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15.06.2017 Opinion

Day Of The African Child Shouldn’t’ Be A Talk Shop Time

Rosemary Anyigba
Opinion File Photo
JUN 15, 2017 OPINION

There are about 1.9million children estimated to be loitering on the streets of Ghana; they sleep, eat, bath, date, marry and even birth on the streets.

Heart-breaking, Isn't it?
But it doesn't end there. Some could be found on farms or are trafficked into slavery and in some instance, sexually exploited. According to global estimates based on data of United Nations International Children's Fund (UNICEF), the International Labour Organization (lLO) and the World Bank, about 168 million children aged 5 to 17 are engaged in child labour, many then falling under the worst forms of child labour as enshrined in the lLO convention 138.

I know all these challenges cannot be solved at a go. But as a country, we can make our society better for all children to get the best start in life.

This week, arguably, proves to be the most important week within the year for children. It comes right after the Basic Education Certificate Examination week, and has two international days, i.e. World Day Against Child Labour and International Day of the African Child. The former was marked last Monday, 12th June 2017 while the latter is due Friday, 16th June 2017.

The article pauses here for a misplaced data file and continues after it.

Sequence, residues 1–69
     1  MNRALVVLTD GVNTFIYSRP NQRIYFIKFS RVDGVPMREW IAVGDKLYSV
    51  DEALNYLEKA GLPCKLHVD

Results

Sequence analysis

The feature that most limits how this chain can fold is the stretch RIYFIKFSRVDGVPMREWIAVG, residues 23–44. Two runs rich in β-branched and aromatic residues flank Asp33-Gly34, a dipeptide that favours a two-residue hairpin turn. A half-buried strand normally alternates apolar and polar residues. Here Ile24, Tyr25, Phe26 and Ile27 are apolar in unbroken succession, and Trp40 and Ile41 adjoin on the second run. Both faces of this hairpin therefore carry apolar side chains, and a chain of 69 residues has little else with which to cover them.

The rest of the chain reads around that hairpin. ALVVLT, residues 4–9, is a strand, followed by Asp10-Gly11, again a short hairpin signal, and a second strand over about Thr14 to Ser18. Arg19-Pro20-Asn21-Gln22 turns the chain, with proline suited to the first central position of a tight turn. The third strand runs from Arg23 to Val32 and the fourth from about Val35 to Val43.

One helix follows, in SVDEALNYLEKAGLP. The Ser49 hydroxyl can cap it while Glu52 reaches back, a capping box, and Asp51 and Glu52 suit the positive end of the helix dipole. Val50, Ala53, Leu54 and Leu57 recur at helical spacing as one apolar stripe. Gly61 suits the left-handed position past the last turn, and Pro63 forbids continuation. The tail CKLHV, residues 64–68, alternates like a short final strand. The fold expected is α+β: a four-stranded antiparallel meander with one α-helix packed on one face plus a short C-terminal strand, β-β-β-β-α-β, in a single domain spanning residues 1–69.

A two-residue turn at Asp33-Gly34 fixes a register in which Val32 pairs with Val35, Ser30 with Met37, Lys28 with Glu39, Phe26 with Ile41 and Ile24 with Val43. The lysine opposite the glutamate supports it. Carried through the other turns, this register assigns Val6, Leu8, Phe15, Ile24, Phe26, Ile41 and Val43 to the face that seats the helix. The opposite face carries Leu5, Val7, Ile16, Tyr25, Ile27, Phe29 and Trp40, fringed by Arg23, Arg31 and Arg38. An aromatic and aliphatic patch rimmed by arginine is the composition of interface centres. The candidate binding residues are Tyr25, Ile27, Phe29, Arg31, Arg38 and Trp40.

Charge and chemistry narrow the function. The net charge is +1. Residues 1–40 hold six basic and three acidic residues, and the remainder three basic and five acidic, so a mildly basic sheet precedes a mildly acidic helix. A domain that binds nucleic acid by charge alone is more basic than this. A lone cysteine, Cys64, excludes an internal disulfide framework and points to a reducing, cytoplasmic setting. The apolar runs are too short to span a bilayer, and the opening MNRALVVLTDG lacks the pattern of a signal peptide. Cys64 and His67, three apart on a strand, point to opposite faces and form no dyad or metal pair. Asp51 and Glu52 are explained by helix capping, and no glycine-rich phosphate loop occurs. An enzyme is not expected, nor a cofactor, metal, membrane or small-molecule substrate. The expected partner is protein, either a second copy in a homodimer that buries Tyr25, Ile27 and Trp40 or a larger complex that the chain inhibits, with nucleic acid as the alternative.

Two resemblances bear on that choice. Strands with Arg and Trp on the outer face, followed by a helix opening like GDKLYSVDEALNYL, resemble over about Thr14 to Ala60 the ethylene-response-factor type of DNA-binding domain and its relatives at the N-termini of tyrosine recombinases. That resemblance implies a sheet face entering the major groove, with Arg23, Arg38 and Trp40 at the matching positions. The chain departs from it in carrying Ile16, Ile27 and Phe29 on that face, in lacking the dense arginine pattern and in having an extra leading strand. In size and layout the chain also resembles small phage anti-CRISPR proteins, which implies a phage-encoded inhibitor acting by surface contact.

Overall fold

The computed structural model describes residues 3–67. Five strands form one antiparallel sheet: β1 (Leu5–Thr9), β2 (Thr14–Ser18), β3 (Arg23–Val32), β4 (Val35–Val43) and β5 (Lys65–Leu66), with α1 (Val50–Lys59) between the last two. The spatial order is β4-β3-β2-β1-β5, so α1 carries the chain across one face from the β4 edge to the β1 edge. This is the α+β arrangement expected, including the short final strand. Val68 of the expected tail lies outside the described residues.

Gatherings on these all important days should not be talk shops, as usual. I have seen too often, state officials, NGOs, civil society organisations holding events over and over again to commemorate such important days. Yet I walk through Tema Station, Opeibea near 37, Makola, Kaneshi, inner cities and rural communities and still see children deprived of the many things I hear authorities promise to do.

Inscribed in the United Nation's Convention on the rights of the child (UNCRC), the Children's Act 560(1998), ILO Convention 238 and the Sustainable Development Goals (SDGs) are real time means to guarantee children's safety, best interest, education total wellbeing and general betterment of the society. Our leaders and the relevant stakeholders know all these. They should, please, work to make these objectives realised else we may have ourselves to blame when some of these children become irresponsible in the future.

And to my colleague younger ones, let's make good use of opportunities that come our way. And also to the well-to-do in the family and society, let’s offer a helping hand to those in need. By so doing, we connect to make our lives, the children's lives and the nation better.

The writer is a Student Journalist, Jayee University College

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